This site showcases the (mostly) digital work of Andrew DiFiore from both Virtual Arts Studios and answerYES Interactive as well as random thoughts and experimental projects too volatile to be contained anywhere else.

 
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    It has been an obvious feature long time coming: Scheduled Posts. Finally, you can do inside Facebook what third-party tools like HootSuite and TweetDeck have done for years. That is, if you can find the feature.

    Rolled out along with page security (admins can now assign roles), Facebook decided to make the scheduler a little hard to find.

    Maybe it is Facebook’s aggressive development cycle but I always get the feeling that half the features are afterthoughts, retrofitted into an architecture designed for something else.

    Now that Facebook is a public company, I imagine the pressure to appeal to advertisers and businesses is going to be greater. A good example is the new Promoted Post which allow brands to set a nominal budget for “sponsored” posts to appear within news feeds (kinda like Twitter’s Promoted Tweet feature).

    Not to worry, I’m sure the design team at Menlo Park will get around to fixing the usability issues… if the marketing team could stop telling the development team to skip the QA team.

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    Cool Tool of the Month: TweetDeck

    A while back on the B2B Marketing Posse blog I wrote about using TweetDeck  (along with Google Alerts) for managing your online reputation (still a good idea by the way) but this Cool Tool does a lot more that just that. It is a social media dashboard that helps manage your online social channels (despite the name, this includes Twitter, Facebook, and others). You can schedule tweets and status updates, trigger email alerts, and organize “life streams” in order of importance so you can easily separate the wheat from the chaff. TweetDeck is available as both a free desktop application and a mobile app.

    At the time of this post, it appears that Twitter is in a bidding war for TweetDeck with UberMedia, a leading developer of popular Twitter API-based apps like Twidroyd.

    {Ed. Note 5/24/11: Twitter acquired TweetDeck for $40 million in a mix of stock and cash, making its creator Iain Dodsworth an instant millionaire.}

    {Ed. Note 12/8/11:  A new “rebranded” TweetDeck was released, dropping support for LinkedIn, Google Buzz, Foursquare and MySpace. TweetDeck switched from using Adobe AIR to native OS for desktops and open-source WebKit for browsers (e.g. Chrome and Safari).}

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    Twitter Marketing Tips

    If you haven’t heard by now Twitter is a microblogging social network and a great way drive qualified leads to your website. In addition to the obvious social media benefits (a topic for another blog post), our clients consistently witness referral rates upwards of 6% per month from Twitter! Moreover, we often see that these referrals on average view more pages and spend more time per visit than those coming from other sources. Leveraging Twitter’s demo and  geographics in a site tracking tool like Google Analytics, you can  effectively qualify each referral and do more of the type of tweets generating the desired behavior (e.g. read a blog post, download whitepaper, fill out contact form, buy products).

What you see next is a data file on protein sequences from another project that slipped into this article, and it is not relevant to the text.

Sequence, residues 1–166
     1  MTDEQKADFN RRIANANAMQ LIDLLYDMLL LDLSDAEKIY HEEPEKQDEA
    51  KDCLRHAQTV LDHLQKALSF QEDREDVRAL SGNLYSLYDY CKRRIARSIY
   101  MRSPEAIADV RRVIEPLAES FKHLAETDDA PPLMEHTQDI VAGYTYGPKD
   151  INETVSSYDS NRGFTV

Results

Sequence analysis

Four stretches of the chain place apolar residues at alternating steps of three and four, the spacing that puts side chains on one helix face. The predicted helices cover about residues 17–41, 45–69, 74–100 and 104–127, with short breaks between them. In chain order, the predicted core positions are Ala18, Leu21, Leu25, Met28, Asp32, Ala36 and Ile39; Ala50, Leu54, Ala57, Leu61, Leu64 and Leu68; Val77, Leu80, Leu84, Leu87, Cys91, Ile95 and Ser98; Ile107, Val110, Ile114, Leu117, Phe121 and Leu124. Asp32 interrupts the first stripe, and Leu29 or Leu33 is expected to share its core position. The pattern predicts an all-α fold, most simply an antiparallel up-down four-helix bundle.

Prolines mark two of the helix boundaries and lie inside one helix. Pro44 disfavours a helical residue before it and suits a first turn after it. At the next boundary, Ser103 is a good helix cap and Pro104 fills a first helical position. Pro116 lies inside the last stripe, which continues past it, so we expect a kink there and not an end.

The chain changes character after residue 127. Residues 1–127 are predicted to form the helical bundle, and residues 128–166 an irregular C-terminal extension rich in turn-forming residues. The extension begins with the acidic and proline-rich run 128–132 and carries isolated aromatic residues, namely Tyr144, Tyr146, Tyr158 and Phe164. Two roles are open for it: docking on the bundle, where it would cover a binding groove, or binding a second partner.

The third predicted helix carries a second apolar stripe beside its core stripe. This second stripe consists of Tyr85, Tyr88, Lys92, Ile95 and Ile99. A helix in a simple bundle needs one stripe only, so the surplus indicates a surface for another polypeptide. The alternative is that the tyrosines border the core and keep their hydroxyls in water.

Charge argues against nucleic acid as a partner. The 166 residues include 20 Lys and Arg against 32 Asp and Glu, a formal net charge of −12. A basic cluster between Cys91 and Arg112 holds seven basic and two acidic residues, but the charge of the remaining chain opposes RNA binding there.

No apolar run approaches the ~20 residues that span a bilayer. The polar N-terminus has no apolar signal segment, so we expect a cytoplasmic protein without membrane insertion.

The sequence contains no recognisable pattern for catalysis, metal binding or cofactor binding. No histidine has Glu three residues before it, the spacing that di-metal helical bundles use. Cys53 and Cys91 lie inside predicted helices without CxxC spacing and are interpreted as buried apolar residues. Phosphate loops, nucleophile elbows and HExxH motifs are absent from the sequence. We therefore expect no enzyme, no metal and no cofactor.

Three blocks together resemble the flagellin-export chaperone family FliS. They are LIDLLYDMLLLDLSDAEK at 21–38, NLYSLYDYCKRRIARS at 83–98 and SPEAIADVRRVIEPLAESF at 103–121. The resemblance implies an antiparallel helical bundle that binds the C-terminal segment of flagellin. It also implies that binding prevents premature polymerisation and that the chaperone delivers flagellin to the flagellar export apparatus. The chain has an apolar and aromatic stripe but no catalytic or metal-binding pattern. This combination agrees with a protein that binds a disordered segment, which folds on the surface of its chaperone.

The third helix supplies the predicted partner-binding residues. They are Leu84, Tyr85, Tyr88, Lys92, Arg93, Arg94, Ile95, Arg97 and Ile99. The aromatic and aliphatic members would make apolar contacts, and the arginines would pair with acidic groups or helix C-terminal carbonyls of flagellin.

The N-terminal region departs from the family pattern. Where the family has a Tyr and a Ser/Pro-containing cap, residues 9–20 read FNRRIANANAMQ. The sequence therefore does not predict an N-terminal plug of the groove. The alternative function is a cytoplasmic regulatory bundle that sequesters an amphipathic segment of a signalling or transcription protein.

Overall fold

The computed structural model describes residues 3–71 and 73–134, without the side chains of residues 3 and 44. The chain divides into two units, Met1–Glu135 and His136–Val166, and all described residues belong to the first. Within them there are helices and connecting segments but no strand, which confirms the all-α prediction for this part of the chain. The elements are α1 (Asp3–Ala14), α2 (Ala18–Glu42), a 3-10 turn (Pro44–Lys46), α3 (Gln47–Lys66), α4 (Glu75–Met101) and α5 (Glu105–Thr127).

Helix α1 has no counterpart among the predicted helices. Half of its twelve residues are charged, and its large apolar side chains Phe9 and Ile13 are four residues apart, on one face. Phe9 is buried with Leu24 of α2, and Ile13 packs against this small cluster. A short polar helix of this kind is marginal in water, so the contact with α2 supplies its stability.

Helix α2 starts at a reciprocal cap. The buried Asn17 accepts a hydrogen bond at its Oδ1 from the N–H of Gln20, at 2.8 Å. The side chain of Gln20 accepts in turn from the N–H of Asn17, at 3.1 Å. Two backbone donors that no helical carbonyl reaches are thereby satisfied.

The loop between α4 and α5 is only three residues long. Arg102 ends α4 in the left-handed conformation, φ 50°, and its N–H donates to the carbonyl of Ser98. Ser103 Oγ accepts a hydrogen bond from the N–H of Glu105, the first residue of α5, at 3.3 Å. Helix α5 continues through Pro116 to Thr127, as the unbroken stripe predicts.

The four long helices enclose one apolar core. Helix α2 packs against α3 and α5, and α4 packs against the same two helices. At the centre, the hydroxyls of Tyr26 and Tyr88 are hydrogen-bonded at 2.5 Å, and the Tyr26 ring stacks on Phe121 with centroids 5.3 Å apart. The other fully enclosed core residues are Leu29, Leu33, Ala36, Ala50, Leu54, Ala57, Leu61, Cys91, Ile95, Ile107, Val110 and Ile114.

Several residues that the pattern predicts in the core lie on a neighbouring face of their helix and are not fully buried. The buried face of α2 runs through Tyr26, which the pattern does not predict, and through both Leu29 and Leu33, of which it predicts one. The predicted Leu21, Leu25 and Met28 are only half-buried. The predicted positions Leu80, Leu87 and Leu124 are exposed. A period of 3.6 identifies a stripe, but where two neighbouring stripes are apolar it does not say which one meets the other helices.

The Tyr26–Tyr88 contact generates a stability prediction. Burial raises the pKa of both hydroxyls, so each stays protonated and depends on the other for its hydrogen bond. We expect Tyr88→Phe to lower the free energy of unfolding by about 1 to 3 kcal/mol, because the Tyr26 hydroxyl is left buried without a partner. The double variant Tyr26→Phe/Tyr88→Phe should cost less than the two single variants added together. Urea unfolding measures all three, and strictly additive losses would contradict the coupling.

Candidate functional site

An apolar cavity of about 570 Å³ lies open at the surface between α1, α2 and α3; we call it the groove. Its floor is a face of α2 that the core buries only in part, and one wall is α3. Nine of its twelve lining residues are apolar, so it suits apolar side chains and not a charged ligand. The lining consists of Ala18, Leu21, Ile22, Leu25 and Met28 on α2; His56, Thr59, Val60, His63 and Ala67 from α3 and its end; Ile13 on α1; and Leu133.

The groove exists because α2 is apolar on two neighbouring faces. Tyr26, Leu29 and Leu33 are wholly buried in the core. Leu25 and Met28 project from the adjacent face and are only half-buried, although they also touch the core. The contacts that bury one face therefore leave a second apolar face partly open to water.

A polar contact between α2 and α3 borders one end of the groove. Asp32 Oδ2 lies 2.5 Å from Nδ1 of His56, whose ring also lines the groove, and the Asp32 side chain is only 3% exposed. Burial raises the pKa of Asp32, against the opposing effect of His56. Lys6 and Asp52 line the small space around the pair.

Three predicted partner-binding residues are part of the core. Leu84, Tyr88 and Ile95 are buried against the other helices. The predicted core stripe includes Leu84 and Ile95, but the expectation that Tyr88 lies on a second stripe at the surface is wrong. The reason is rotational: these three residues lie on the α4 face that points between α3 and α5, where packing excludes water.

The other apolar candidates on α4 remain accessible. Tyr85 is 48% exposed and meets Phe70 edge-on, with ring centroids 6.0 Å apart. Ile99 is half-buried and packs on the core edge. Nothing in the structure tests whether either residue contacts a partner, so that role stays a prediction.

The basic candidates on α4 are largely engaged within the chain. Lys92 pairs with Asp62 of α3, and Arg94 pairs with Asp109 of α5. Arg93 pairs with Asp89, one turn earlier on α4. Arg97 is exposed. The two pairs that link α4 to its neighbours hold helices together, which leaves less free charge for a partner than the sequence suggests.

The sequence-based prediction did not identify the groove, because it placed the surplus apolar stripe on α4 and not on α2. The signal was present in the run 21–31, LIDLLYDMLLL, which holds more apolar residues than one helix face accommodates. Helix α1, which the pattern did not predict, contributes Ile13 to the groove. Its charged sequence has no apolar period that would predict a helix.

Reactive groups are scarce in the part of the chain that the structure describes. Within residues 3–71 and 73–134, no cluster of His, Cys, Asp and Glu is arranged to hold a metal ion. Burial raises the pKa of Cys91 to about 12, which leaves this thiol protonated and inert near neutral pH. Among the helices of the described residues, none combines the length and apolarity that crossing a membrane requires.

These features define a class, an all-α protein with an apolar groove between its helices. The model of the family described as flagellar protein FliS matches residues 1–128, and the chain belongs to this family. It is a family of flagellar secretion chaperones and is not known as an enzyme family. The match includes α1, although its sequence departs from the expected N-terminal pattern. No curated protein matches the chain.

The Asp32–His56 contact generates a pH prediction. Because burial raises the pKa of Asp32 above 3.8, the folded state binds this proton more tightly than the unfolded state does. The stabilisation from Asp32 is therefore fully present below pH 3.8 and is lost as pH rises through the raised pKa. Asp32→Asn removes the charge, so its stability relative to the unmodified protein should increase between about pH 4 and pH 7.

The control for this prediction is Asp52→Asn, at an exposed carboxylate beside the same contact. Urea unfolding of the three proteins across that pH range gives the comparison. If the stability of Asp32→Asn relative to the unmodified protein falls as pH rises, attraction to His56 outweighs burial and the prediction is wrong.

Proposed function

I will do a follow up post about Twitter ROI later but for now, here are some helpful tips on Twitter marketing you can start using today.

    Tweet Best Practices

    • Schedule tweets several times every business day between 6am and 1pm. Statistically, this is the time most business people check Twitter.
    • Tweets should be something useful. Most people are looking for information. Repetition is okay but it should be paraphrased so not to look automated.
    • 1 in every 10 tweets can be promotional in nature. We want to encourage following and retweets. Too many promotional tweets too often and this won’t happen.
    • Use #hashtags relevant to the tweets or business (e.g. #tech or #business). Try to use them in the body text of your tweets to conserve on your 140 characters.
    • Try to keep tweets to 120 characters so people can easily retweet without truncating the original text.
    • If tweet is a call to action, be sure to add a shortlink back to the site (or source). In a pinch, can use services like bit.ly or ow.ly to shorten URLs.

    Things to Tweet About

    • News about your business or organization, including your own success stories.
    • News from reliable sources like a partner’s blog.
    • News about your employees or staff (e.g. the company’s softball team wins).
    • Retweets of anything that might interesting to your followers.
    • TwitPic and TwitVid (or YouTube or eHow or HowCast).
    • Special offers just for Twitter followers (get more followers).

    To manage Twitter as well as all your other social channels from the comfort of your desktop or mobile device, I recommend either TweetDeck or  Hootsuite. Both are free, easy to learn, and easy to use. Great for organizing your tweets as well as your follows and followers.

    Social media moves fast so would love to hear about your experiences with Twitter. What tweets have worked for you? Have a Twitter campaign going on right now you want to share?